Activist burnout is real

I was chatting to someone the other day about how draining activism can be. It’s necessary. It can be rewarding. It can be fulfilling. It can be rage inducing. It can be incredibly frustrating. It’s necessary. And there are times when it’s draining. So draining that you wonder what keeps you going. So draining that it’s difficult to switch off your mind from it, but it also feels like your mind isn’t fully in the game. Activism is necessary, but activist burnout is real.

Looking after yourself, emotionally and physically is key to ensuring that you’re able to give your best to the issue you care about. The issue that has made you want to do more than sound off to friends or on social media (although social media can and does play a role in activism, but more on that in a future essay). At the moment, my main focus is the campaign to repeal the Eighth Amendment to the Irish Constitution and the introduction of free, safe, legal and accessible abortion for everyone who needs it, regardless of their reason. I also care deeply about ensuring that LGBTQ+ people, particularly those living in rural areas, have the spaces and supports they need.

Self-care is mentioned a lot in activist circles. If you’re familiar with my blog, you’ll know I have a complicated relationship with the notion of self-care. Self-care means different things to different people, so much so that it often sounds like nothing more than background noise. But self-care is mentioned a lot in activist circles because without it long-term activism would be impossible.

Burnout as a concept isn’t new. Its origins stem from a 1974 paper written by psychologist Herbert J. Freudenberger. In his paper Freudenberger focused on the experiences of volunteers at a free clinic for people addicted to drugs. He concluded that burnout was to be in a “state of mental and physical exhaustion caused by one’s profession.” Over the years there has been much research into occupational burnout, the most notable of which led to the Maslach Burnout Inventory (MBI). The research of Christina Maslach and her team is considered the gold standard for measuring burnout and its effects on people. One of the major components of burnout is emotional exhaustion.

Post Brexit and the election of 45, many people are coming to activism for the first time. For me it was the marriage equality referendum in 2015. It’s a referendum I am still recovering from, but it emphasised how much on-the-ground work is important. Passive support can only get us so far. We need to do things. We need people to actively engage.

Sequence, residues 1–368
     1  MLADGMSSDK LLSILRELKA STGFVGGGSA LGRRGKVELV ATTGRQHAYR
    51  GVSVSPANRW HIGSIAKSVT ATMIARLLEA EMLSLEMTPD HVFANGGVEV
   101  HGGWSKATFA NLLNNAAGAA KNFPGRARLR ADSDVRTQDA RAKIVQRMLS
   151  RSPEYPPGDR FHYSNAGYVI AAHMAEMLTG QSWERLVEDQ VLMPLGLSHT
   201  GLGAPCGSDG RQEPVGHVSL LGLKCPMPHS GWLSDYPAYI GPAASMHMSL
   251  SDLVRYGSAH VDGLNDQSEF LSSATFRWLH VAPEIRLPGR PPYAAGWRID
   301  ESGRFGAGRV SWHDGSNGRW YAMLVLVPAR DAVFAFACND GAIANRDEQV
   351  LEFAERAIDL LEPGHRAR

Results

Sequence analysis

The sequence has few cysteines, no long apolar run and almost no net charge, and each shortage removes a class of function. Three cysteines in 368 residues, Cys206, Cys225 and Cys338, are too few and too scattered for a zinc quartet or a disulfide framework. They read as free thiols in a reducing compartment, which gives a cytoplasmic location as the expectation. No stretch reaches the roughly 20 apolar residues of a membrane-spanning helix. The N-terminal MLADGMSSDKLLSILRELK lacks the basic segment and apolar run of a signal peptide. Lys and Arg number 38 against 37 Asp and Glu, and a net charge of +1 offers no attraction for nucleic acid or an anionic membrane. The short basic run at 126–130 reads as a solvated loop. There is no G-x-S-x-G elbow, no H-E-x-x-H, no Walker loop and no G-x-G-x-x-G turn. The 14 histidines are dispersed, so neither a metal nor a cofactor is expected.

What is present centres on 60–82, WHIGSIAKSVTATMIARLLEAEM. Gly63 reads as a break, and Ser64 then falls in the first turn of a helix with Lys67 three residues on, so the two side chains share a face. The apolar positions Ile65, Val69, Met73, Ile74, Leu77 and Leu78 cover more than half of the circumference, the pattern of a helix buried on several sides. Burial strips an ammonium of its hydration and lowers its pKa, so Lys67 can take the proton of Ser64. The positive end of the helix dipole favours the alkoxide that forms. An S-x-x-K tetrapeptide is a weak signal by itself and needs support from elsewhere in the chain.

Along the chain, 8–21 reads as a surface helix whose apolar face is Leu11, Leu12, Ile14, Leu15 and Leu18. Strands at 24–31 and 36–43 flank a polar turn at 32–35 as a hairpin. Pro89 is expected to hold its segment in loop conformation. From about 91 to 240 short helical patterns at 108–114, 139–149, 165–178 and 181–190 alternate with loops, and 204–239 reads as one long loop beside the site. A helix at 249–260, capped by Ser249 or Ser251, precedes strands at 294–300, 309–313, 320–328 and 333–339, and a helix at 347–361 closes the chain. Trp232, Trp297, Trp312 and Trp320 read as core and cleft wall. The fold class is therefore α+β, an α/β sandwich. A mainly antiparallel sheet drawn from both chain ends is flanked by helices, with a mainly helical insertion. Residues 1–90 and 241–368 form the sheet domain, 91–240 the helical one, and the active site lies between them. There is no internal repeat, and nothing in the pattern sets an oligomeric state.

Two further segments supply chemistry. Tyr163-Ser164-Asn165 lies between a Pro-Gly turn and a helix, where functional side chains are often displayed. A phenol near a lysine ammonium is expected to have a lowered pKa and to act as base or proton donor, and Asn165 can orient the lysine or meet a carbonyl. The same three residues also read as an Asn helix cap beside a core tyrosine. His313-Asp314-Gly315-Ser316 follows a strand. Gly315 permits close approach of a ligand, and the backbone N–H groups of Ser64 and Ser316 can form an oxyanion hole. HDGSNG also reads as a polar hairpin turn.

Engaging can be hard. Throwing yourself eagerly into something, only to realise that it’s going to be a tough slog can be disheartening. So, I can understand why you might not want to do it. The other side of that is that there are not enough people doing the things that need to be done. There are not enough people, so those who are doing those things find themselves doing more things than they may have the capacity for. Because to not do the thing, means the thing might not get done. It might, but you don’t know for sure. Not doing the thing, whatever it is on any given day, leaves you feeling guilty and anxious about not doing the thing.

That last one is where I am at the moment. I don’t have the energy to give activism the level of attention it deserves. I’m 18 months deep into the campaign to repeal the Eighth and it’s beginning to wear me out. 18 months is nothing compared to some people and the movement is full of people around me who are as invested as I am.

The thing about taking a break is that I don’t know how long of a break I’ll need and that’s scary. A couple of days are one thing, but if it’s any longer than that the guilt ramps up and I spend a significant amount of time focussed on the things I could and “should” be doing. Which kind of defeats the point of taking a break, doesn’t it? It’s exhausting and the worry about finding it exhausting makes it even more so. Getting the balance right isn’t easy.

Activist burnout is real and it’s OK to take a step back when you need to look after yourself. It’s OK to do what you need to do, without feeling guilty about all the things you “should” be doing. Sometimes recharging your batteries, so you are able to step back into the fray, is the best thing you can do. Putting yourself first is not selfish. Activist burnout is real, but it shouldn’t be seen as a badge of honour.


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